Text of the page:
b

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Hmmm.
I didn't know that. More research for me! :)
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Dave Lyon wrote:

NOT SO--they are equal...
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Where can i get one of those no loss, 100% efficency power supplies ?
Best Regards Tom.
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the
Really? Here on earth? I hope you got a patent.
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Dave Lyon wrote:

I was just going to mention Entropy but will refrain. :-) ...lew...
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wrote:

I believe that it is, which is why these are not normally used on steel; silver, gold, platinum, etc - jewelry work, mostly.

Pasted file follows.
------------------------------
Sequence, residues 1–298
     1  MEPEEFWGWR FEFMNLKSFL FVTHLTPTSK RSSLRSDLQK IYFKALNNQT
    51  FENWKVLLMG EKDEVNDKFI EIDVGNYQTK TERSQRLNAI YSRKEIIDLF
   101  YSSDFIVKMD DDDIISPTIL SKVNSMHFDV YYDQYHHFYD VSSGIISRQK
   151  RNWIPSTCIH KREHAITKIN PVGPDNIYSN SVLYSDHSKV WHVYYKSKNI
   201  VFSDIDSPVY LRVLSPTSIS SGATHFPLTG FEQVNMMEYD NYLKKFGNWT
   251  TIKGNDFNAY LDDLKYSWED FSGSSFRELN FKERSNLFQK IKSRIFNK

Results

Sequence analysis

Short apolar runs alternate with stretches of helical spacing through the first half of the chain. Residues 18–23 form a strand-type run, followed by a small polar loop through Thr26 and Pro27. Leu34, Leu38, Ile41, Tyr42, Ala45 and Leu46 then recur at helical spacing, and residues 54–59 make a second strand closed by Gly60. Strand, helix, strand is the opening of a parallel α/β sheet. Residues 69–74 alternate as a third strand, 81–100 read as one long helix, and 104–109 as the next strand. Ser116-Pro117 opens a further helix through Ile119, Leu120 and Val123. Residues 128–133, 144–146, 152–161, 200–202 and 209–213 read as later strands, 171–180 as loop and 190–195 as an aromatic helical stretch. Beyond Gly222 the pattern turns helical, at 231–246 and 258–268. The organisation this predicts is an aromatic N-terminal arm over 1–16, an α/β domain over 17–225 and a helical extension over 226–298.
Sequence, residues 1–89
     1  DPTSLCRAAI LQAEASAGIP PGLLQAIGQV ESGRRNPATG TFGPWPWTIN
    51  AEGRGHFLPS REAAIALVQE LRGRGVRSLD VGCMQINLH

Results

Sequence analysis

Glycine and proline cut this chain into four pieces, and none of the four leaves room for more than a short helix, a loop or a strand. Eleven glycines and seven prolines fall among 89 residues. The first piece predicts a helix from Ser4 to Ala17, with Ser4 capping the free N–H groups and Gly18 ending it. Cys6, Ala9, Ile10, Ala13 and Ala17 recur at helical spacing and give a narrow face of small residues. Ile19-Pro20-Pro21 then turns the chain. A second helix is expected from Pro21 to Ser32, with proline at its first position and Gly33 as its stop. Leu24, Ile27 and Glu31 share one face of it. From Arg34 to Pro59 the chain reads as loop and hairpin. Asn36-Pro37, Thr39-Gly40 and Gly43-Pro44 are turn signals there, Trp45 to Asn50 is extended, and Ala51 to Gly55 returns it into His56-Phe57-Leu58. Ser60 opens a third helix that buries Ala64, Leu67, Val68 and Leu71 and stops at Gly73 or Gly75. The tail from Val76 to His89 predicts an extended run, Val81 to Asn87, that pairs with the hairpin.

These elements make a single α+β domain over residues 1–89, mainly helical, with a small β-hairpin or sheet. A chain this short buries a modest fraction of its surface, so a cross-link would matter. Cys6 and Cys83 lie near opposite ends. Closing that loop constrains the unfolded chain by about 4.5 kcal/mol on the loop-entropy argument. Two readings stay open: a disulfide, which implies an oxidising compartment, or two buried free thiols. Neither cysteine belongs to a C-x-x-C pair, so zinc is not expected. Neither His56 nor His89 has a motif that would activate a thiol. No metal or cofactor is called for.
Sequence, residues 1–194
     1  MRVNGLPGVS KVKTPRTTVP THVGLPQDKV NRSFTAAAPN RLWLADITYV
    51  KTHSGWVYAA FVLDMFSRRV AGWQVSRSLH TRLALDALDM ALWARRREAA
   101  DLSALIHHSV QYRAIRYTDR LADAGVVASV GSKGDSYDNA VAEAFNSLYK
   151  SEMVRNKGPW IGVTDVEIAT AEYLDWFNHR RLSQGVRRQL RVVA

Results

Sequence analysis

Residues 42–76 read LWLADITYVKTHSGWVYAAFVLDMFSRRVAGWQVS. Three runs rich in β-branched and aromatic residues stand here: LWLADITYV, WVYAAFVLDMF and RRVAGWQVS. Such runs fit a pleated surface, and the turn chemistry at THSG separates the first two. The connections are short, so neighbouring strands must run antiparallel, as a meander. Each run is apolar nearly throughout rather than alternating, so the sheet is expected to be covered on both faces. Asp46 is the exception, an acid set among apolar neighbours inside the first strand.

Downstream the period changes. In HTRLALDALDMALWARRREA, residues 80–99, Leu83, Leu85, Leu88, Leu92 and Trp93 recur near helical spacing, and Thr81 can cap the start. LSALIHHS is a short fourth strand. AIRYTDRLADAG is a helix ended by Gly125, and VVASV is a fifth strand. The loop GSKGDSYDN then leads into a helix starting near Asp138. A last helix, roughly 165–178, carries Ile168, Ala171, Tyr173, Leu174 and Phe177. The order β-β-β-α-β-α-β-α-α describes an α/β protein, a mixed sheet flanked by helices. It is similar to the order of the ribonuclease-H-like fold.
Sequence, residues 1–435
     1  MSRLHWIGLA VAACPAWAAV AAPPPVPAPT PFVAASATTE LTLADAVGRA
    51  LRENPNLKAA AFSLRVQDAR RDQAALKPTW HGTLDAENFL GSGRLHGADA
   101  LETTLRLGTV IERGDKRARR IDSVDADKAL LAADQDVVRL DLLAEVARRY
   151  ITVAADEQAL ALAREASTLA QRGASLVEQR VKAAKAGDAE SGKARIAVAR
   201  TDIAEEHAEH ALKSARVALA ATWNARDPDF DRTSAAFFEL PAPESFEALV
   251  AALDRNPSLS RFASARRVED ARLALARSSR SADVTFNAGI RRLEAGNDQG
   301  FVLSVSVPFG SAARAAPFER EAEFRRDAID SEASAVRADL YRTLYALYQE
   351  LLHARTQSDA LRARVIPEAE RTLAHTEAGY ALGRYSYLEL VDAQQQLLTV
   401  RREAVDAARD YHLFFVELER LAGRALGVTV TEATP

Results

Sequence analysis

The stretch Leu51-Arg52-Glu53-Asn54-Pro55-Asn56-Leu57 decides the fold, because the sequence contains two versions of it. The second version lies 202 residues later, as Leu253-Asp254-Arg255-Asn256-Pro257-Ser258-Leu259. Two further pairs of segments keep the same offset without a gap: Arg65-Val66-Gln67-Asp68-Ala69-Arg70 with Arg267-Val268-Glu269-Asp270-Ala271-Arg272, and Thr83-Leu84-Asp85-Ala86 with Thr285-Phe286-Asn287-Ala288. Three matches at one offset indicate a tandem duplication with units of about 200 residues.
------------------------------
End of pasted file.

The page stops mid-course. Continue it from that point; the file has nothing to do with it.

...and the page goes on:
--
Cats, coffee, chocolate...vices to live by

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snipped-for-privacy@lycos.com wrote:

I don't know what demurage is, do you mean rental?
Theoretically all of the hydrogen in the flame recombines with the oxygen. If, however, you suppose that some part of the flame isn't combusted, that would leave some oxygen to combine with the metal (bad) and also some hydrogen to diffuse into the metal (bad).
I've been hearing about these torches for over 20 years. They seem like a good idea for really tiny work.
GWE
--
Posted via a free Usenet account from http://www.teranews.com


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Hydrogen embrittlement happens when protons(hydrogen nucleus, remember?) zip into the metal's crystalline stucture and start grabbing electrons out of the lattice. You need a pretty good plasma to strip electrons off hydrogen, you won't see it at oxy-hydrogen blowpipe temps and with no juice applied to the workpiece.